• Pilots must notify all occupants to fasten their safety belts before taxiing, taking off, or landing.

  • All passengers of airplanes must wear their safety belts during taxi, takeoffs, and landings.

    • A passenger who has not reached his/her second birthday may be held by an adult.

    • Sport parachutists may use the floor of the aircraft as a seat (but still must use safety belts).

  • 91.111  Operating near Other Aircraft (Question 93)

  • No person may operate an aircraft in formation flight except by prior arrangement with the pilot in command of each aircraft in the formation.


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Part 91

  • 91.113  Right-of-Way Rules:  Except Water Operations (Questions 94-100)

  • Aircraft in distress have the right-of-way over all other aircraft.

  • When two aircraft are approaching head on or nearly so, the pilot of each aircraft should turn to his/her right, regardless of category.

  • When two aircraft of different categories are converging, the right-of-way depends upon who has the least maneuverability. Thus, the right-of-way belongs to

    • Balloons over

    • Gliders over

    • Airships over

    • Airplanes or rotorcraft.

  • When aircraft of the same category are converging at approximately the same altitude, except head on or nearly so, the aircraft to the other's right has the right-of-way.

    • If an airplane of the same category as yours is approaching from your right side, it has the right-of-way.

  • When two or more aircraft are approaching an airport for the purpose of landing, the aircraft at the lower altitude has the right-of-way.

    • This rule shall not be abused by cutting in front of or overtaking another aircraft.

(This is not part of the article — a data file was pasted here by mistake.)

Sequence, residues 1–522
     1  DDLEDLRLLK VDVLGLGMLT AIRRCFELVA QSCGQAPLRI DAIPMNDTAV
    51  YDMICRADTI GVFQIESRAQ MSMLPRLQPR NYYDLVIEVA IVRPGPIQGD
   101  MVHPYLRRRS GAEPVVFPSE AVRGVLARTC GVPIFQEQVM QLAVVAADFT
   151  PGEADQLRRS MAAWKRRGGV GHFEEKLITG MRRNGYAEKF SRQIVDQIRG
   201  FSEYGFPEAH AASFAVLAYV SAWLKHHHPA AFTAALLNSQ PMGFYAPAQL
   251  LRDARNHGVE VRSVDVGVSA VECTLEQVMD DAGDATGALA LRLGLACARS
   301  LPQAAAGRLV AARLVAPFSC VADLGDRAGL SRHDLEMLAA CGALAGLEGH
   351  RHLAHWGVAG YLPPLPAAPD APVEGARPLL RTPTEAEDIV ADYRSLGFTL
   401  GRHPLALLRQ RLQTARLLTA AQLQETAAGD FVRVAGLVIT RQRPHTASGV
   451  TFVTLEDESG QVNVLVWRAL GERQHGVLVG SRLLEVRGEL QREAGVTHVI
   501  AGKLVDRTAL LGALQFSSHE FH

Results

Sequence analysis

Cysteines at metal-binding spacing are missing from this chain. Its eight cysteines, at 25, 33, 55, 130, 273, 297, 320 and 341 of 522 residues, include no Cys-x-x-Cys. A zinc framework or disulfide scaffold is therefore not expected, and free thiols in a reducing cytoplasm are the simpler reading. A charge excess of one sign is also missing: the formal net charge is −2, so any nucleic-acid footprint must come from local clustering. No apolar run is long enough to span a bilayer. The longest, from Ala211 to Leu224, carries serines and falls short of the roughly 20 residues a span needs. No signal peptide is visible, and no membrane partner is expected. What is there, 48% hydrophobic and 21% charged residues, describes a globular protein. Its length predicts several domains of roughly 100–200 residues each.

• An aircraft towing or refueling another aircraft has the right-of-way over all engine-driven aircraft.


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Part 91

  • 91.117  Aircraft Speed (Questions 102-105)

  • The speed limit is 250 kt. (288 MPH) when flying below 10,000 ft. MSL and in Class B airspace.

  • When flying under Class B airspace or in VFR corridors through Class B airspace, the speed limit is 200 kt. (230 MPH).

  • When at or below 2,500 ft. AGL and within 4 NM of the primary airport of Class C or Class D airspace, the speed limit is 200 kt. (230 MPH).

  • 91.119  Minimum Safe Altitudes (Questions 106-109)

  • Over congested areas (cities, towns, settlements, or open-air assemblies), a pilot must maintain an altitude of 1,000 ft. above the highest obstacle within a horizontal radius of 2,000 ft. of the airplane.

  • The minimum altitude over other than congested areas is 500 ft. AGL.

    • Over open water or sparsely populated areas, an airplane may not be operated closer than 500 ft. to any person, vessel, vehicle, or structure.

  • Altitude in all areas must be sufficient to permit an emergency landing without undue hazard to persons or property on the surface if a power unit fails.


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Part 91

  • 91.121  Altimeter Settings (Questions 110-112)